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Julie Redfern Can Hear Eyeballs Move Due to Rare Condition

A woman has extremely acute hearing, so much so that she is able to hear her own body fluids moving.

Julie Redfern, 47, has superior canal dehiscence syndrome , which causes her to hear her brain move, her heart beat and her eyeballs squeak.

Redfern works as a receptionist and said the condition is so severe that her vision pulsates with the rhythm of the phone ringing.

"It's very frustrating being able to hear everything," she said. "You think you wouldn't mind and maybe I wouldn't if it was just a bit of gossip but nobody wants to be able to hear their body constantly. The doctors just said, 'it's your age, when you get to 40 these things happen.' I thought I can't put up with this forever, I knew something wasn't right. I could hear my heartbeat and what seemed like all my bodily functions. I could hear even the slightest noise. I could hear things that were louder than they should have been, I could hear myself swallowing and my voice echoing."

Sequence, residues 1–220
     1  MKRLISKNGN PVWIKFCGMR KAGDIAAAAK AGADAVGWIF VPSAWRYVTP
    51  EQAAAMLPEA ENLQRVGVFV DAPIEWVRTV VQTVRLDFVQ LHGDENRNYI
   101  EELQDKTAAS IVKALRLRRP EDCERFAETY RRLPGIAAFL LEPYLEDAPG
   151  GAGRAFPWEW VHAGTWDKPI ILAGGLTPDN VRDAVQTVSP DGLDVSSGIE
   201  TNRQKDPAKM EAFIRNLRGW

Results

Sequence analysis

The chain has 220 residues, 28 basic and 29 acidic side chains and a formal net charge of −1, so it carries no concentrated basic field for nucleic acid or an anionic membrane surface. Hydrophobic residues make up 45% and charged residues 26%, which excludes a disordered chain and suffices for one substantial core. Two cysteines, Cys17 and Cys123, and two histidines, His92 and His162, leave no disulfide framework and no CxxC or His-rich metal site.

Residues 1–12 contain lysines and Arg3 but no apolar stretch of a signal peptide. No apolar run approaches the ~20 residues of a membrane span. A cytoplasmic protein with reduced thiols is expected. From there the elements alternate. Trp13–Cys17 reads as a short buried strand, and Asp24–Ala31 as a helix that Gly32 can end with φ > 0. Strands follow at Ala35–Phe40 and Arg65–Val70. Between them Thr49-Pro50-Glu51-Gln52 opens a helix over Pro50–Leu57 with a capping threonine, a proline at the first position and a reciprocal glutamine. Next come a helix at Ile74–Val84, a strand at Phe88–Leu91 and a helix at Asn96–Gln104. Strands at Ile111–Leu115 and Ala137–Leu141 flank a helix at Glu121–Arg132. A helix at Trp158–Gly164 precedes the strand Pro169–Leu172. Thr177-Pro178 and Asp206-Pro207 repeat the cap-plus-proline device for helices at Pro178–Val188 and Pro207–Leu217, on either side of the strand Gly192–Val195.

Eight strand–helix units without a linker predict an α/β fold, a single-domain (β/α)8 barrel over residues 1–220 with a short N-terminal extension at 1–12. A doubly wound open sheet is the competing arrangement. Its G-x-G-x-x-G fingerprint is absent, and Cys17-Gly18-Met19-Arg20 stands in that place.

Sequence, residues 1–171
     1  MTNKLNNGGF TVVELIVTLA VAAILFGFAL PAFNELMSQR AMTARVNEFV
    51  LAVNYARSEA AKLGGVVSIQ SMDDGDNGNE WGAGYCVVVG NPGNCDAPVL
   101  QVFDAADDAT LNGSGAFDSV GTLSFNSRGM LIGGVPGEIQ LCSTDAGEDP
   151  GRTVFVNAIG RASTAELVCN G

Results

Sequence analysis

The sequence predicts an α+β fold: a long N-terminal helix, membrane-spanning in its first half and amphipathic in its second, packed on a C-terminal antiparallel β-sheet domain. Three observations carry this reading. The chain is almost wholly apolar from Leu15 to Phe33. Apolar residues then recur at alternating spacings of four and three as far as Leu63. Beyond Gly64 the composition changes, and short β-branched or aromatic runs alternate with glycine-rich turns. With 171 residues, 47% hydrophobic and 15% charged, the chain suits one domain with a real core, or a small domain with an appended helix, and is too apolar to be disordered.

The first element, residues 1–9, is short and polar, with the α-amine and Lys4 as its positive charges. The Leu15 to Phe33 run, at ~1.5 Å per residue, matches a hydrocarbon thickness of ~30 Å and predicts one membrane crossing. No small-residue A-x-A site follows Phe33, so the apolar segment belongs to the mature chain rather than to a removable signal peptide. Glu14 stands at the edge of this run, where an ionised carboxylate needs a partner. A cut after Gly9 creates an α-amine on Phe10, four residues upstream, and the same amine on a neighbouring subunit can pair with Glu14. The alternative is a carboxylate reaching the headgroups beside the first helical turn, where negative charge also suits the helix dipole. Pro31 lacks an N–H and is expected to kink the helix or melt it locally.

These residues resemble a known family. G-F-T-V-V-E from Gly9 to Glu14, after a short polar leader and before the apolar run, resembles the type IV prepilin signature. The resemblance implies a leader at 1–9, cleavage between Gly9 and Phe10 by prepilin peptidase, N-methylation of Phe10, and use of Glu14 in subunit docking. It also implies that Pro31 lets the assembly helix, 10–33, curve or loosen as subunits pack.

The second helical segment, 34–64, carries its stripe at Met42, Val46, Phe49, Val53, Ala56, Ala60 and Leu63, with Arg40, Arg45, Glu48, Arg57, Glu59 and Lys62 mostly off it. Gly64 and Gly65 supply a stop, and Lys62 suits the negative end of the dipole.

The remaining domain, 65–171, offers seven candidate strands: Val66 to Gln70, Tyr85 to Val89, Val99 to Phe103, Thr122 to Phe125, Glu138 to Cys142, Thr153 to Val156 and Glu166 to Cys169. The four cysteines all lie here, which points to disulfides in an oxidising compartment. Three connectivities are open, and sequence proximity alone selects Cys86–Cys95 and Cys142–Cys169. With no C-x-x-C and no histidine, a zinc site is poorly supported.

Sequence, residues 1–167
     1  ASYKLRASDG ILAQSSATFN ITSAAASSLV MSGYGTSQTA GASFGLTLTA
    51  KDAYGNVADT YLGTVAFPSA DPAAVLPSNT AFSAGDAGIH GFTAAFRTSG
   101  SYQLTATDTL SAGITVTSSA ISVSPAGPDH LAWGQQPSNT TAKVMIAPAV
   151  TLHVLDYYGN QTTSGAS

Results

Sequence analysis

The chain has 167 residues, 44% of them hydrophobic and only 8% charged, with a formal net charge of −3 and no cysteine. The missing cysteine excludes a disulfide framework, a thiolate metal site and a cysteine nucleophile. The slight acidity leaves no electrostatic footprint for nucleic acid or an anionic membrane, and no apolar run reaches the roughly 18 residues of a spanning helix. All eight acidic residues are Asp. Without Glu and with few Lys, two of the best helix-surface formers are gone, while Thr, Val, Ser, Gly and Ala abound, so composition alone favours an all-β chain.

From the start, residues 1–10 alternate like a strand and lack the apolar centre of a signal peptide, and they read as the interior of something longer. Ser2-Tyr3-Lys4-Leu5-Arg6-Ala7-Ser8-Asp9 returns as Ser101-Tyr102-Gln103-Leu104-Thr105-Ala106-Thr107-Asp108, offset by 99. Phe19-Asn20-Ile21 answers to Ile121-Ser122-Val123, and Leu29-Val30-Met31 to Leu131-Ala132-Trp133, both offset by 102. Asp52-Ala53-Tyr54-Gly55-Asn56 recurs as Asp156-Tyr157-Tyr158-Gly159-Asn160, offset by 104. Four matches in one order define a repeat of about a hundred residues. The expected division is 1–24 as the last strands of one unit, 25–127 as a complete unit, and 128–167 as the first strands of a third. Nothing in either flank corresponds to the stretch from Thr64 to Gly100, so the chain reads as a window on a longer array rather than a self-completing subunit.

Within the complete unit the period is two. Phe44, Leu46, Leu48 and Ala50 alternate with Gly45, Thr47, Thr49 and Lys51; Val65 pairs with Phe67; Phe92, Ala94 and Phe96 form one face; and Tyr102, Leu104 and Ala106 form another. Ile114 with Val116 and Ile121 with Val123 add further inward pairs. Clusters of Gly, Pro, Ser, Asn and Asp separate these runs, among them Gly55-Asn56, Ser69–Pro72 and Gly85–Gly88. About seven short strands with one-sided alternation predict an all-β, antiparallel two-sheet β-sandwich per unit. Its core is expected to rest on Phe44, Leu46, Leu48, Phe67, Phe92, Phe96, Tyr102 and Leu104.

She describes the noise in her head as a "swishing."

"Everything moving in my head sounded as though it was swishing away," she said. "When the phone rang at work the vibrations would make my eyeballs shake. I would be standing in the queue at the supermarket and I'd start to sway, I felt drunk without having a drink."

She said she first started hearing her eyeballs squeak after her 40th birthday in 2006.

When she was playing Tetris at home, she heard a squeaking noise and soon realized it was her eyes.

Then, she stopped eating crunchy foods because she found the noise they produced to be deafening.

Redfern believes that she got the condition after a bicycle crash she had in her 20s. 

SCDS is a condition of the inner ear that causes a thinning of the temporal bone at the base of the skull. Since being diagnosed, she has had surgery to fill the holes in her bone.

"I always said it was like I needed plugging up," Redfern said. "Fluid from the superior canal was leaking. The surgeon had only performed the operation four times before. He opened me up like a book just behind my ear and described the inside of it like honeycomb instead of being like cinder toffee because of the holes."

Now she just has to get her other ear done and she will hopefully be cured.

"I know when I have the other ear done I'll be cured — but you never know I might miss not hearing all these strange little things," she said. 

Sources: Daily Mail, The Sun


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